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Setting good boundaries makes you a better friend. These 3 keys will get you started

Adam Tschorn, Los Angeles Times on

Published in Dating Advice

LOS ANGELES -- In the classic TV sitcom "Seinfeld," the boundary-violating friendship is played for laughs. When across-the-hall neighbor Kramer, practically the patron saint of overstepped boundaries, forages fridges, borrows clothes or barrels uninvited into Jerry's apartment, it's comedy gold. In real life, though, setting boundaries with friends is no laughing matter.

That has a lot to do with the less rigid, more free-form nature of the nonmarital, nonfamilial friend relationship itself. Bright-line no-fly zones are harder to set and maintain when expectations and boundaries vary wildly from friendship to friendship, and doubly so when they shift over time within the same friendship. (It's a lesson many of us learned through the last two years of polarizing politics and the COVID-19 pandemic.)

As daunting as it can seem, learning how to successfully set clear boundaries with your friends is important for two big reasons. First — and this may seem counterintuitive — it makes you a better friend.

"Everyone thinks, 'Oh, a boundary means me setting limits, creating distance,'" says Beverly Grove-based psychotherapist Allison Perks. "Actually, boundaries are the best way to create closeness and connection. When you communicate clearly and directly with friends about what's OK and what isn't, you know the lay of the land with them so you can behave in a way that creates trust in the friendship … [and] so you can feel trusting of them in the relationship."

Second, as James Guay, a West Hollywood-based therapist points out, these low-impact, more casual bonds also serve as training wheels for some of those big, higher-stakes relationships. "[Friendships] are sometimes the most consistent relationships of our lives, and they are fertile ground for learning how to be in more sexual, romantic relationships," he says. "They're good practice."

Armed with the knowledge that mastering these boundary-setting skills will make you a better friend now and a better partner later, your next step might seem clear: Grab that boundary-violating bestie by the hand and book an hour with a couples counselor, right?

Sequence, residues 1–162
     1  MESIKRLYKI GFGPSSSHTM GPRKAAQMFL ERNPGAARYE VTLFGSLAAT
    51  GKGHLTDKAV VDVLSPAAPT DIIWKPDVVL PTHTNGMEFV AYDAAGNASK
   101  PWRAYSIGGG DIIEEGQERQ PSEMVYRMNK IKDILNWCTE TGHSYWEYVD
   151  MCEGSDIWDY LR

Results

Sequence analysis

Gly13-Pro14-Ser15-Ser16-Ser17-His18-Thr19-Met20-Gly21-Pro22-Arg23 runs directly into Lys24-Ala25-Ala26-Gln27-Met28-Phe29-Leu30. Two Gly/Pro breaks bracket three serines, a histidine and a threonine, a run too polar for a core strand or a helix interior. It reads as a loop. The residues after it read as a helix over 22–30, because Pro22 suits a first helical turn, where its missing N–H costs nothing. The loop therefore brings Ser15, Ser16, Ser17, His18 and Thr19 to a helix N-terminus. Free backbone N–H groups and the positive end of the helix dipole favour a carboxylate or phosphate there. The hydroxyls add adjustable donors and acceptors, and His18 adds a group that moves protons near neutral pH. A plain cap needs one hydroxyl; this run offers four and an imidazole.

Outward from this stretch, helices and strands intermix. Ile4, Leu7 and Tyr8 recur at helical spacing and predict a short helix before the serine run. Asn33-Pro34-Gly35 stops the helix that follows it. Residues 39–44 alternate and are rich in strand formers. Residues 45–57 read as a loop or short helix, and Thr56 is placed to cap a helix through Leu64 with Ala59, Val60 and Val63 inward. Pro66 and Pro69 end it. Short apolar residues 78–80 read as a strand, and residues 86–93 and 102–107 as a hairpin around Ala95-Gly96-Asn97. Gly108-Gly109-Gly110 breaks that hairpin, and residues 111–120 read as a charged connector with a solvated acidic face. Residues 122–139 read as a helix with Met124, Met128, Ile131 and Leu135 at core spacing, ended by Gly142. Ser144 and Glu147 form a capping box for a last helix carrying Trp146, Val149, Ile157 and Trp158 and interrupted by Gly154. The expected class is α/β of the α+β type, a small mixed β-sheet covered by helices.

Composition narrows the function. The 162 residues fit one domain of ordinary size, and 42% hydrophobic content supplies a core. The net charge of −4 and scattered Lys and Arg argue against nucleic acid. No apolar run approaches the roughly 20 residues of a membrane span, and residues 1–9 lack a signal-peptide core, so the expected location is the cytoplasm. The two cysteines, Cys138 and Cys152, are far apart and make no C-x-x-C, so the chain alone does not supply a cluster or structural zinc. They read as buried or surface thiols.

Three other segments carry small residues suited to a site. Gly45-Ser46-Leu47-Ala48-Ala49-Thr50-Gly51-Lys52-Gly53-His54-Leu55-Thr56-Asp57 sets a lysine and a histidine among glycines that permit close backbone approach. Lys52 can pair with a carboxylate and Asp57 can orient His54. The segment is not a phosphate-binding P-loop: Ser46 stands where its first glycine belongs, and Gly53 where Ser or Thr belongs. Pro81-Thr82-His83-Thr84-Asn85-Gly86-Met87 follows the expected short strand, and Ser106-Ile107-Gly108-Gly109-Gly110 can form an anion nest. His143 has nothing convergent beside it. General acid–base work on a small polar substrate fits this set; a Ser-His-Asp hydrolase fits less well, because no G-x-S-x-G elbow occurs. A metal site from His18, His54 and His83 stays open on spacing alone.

The reality is that's about as likely to happen as a Jerry-and-Kramer-share-a-shrink "Seinfeld" plotline (although given the series' finale, it might've fit perfectly into a 10th season, am I right?). Therefore, we've sought solid, actionable boundary-setting advice from Perks, Guay and therapist Reshana Watson, whose L.A.-area practices focus on relationship counseling. Their takeaway? The path to better boundaries — and better friendships — begins with three simple steps: communicating, compromising and reevaluating.

1. Communicate (early)

Good communication is a no-brainer in any relationship, and Perks says the best approach is to start that boundary-setting conversation as early as possible — and definitely before things start to go pear-shaped. She offers the scenario of an upcoming dinner party.

"You've mentioned to your friend that you're having some friends and family over for dinner, and they say, 'Oh, I'd love to come. What time is it?' You can say, 'You know, for this gathering, I've already decided on the mix of people that are going to be here. I care about you as a friend, but this is not an event that you're invited to.' Be clear and direct about what you need. You are not responsible for how they feel and how they respond."

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